“At 6 o’clock, the two bellows, made from an incredibly strong and supple electro-deposited alloy, are moved by a piston. When the first is compressed, the other is extended, and vice versa, driving the movement of the fluids in the capillary. The meniscus, which marks the separation between the fluids in the tube, displays the time. When it reaches 6 pm, the fluorescent liquid returns to the original position using a retrograde movement.”

In short, a complex system of internal machines pushes not only an hour hand, but moves liquids in an outer tube to display minutes.  It’s a wild manner of timekeeping, one that is difficult to distill into simple terms.  But when it comes to luxury and performance-class watches, complexity is often the name of the game.  Nice work, HYT!



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Tag Heuer Monaco V4 Limited Edition Watch


Tag Heuer Monaco V4 Watch – You’re looking at the world’s first watch with belt drives, linear mass and ball bearings.  We feel, however, that you could throw out those little stats and this watch would be just as sexy.  After it’s initial announcement in 2004, the Tag Heuer Monaco V4 Watch has officially been released to the public, with 150 units selling for just over $80,000 each. The hands inside the Monaco V4′s platinum case are driven by a set of five of the world’s smallest belt drives and ball bearings, an unique approach to driving such a calculated timepiece.  If you’re one of those lucky enough to afford this revolutionary piece of watch history, we’re jealous



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When it comes to “pocket watches”, March La.B is no exception. Indeed, the brand was announcing 2012 the release of a very limited edition of 3 pocket watches together with Colette.

The March La.B 1805 Imperial Phantom is based on the 1805 model but this time comes with a totally “darkened” look done “on demand” for Colette store in Paris. Its round forms associated with its deep black PVD treatment captivate the eye.

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Being able to “touch time”, this is what the brand called Ressence offers us with its new Type 3 watch. A timepiece that literally transports time from the dial to the crystal to offer its future owners a stunning visual experience. Here is a sneak preview of this Ressence Type 3 that we really look forward to discover for real!

One of the most striking features of the Type 3 is its surface time display that, while not using traditional hands, uses the concept of hands to display the time.

The Type 3 displays time as if it were projected onto a screen. Unlike watches with hands the Ressence display system projects the information onto the outside of the sapphire crystal, eliminating the last perceptible barrier between the dial and the eye – the refraction of the glass. The brain uses reflection and refraction to understand shape and depth. Filling the display with fluid removes the visual reference points that the brain uses to perceive the shape. The effect is amplified by the play of shadows on the spherical dial: It has to be touched to be believed.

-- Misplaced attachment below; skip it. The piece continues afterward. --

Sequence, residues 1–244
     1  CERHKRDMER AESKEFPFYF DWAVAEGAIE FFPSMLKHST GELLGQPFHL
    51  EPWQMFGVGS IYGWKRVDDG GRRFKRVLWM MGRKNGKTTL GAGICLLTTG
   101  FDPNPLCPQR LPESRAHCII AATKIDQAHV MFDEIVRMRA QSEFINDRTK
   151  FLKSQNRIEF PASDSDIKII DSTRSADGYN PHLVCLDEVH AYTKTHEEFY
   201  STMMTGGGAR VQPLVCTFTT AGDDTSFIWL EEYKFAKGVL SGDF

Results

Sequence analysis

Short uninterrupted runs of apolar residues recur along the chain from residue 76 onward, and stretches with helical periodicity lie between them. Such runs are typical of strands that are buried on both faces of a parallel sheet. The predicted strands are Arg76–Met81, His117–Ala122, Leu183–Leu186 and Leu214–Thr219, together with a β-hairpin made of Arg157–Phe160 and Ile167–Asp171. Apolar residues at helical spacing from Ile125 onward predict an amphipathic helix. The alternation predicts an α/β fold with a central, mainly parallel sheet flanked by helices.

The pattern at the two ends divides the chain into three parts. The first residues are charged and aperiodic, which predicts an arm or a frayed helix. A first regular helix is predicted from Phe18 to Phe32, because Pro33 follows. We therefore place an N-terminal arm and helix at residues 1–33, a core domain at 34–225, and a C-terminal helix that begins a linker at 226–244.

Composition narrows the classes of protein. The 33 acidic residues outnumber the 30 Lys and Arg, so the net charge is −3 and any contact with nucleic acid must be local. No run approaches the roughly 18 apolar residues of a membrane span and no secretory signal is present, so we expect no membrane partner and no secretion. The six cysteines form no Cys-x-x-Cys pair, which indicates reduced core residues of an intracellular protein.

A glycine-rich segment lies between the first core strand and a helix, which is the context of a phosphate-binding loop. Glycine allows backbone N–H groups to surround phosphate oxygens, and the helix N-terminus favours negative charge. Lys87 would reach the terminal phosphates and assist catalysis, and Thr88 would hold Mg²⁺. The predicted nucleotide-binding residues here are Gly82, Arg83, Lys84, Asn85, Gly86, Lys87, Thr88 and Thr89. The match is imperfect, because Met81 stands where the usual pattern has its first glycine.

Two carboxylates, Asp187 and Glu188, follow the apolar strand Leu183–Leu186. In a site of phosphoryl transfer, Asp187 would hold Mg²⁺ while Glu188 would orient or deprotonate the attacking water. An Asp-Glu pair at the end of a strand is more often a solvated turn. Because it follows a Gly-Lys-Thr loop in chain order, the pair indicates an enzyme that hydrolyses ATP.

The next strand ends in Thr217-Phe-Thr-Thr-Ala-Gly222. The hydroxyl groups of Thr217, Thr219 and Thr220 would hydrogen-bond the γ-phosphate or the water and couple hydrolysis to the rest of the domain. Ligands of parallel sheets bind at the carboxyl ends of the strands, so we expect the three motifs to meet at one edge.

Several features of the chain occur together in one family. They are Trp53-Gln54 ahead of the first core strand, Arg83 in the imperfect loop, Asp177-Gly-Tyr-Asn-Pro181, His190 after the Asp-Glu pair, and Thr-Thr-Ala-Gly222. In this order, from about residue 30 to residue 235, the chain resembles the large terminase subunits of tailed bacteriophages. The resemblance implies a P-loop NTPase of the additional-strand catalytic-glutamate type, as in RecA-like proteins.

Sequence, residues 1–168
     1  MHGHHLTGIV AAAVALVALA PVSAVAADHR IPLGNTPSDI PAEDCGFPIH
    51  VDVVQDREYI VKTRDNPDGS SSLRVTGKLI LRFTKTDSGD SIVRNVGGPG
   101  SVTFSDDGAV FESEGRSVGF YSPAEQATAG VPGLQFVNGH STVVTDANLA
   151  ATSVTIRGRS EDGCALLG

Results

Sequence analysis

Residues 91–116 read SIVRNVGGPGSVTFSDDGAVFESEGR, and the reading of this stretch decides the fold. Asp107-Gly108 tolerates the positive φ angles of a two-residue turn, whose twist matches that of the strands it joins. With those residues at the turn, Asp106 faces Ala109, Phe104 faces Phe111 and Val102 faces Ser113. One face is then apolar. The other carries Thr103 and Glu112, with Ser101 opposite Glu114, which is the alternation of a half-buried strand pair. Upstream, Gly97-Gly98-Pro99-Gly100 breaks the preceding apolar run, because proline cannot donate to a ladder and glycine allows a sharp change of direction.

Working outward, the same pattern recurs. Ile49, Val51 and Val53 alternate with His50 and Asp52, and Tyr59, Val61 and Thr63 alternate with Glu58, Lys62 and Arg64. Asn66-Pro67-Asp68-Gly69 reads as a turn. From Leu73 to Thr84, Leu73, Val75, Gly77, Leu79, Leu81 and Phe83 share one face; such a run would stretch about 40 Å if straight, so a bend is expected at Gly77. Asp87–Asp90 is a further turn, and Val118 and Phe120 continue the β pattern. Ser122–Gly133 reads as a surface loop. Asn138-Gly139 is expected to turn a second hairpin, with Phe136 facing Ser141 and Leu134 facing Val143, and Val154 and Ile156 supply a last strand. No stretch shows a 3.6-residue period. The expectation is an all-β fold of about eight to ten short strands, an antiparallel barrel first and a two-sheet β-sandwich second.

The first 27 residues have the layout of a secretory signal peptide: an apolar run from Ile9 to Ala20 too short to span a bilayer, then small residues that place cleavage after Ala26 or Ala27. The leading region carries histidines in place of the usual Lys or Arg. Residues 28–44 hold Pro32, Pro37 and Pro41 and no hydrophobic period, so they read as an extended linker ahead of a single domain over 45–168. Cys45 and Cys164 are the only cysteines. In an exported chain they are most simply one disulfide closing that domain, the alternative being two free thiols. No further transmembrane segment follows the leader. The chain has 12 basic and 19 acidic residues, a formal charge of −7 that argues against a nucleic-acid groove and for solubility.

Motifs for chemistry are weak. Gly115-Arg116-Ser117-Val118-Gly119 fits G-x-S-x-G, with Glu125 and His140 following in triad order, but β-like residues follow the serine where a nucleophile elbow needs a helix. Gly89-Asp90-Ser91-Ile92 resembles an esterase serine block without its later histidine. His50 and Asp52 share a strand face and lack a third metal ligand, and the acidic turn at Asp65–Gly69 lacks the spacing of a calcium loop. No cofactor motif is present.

This unique concept of a projected display would be impossible with traditional overlapping hands. However, the indications are still read in the same way as traditional hands, because we have learnt to tell the time using hands and once the skill has been mastered, the eye no longer reads the hour but interprets the angle between the two hands.


The TYPE 3 uses the whole surface of the crystal to display the indications so they can be read from very shallow angles – submerging the display module in liquid increases the contrast between the white indicator ‘hands’ and the black dial. The black DLC becomes even darker in fluid, appearing to absorb light. The high contrast of the white indications against the jet-black dial deconstructs time and pares it back to its essence.


Setting the time without a crown!

Ressence design is characterised by purity and minimalism.

This quest for pared-down design includes the process of deconstructing the timepiece; a process illustrated by the elimination of traditional hands and by the invisible fluid technology used to project the indications.

And by removing the crown, the TYPE 3 opens up a whole new chapter in this quest for simplicity. The sapphire case back fulfils the functions of the crown with quadrants on the case back replacing different crown positions. The Type 3 is wound up by turning the case back. To change the date, it is simply necessary to make a longer rotation through 200° in order to arrive at the date quadrant. The hour is set by starting from the neutral position and turning in the direction indicated. A gravitational gearing system allows time setting to be disconnected by simply inverting the watch.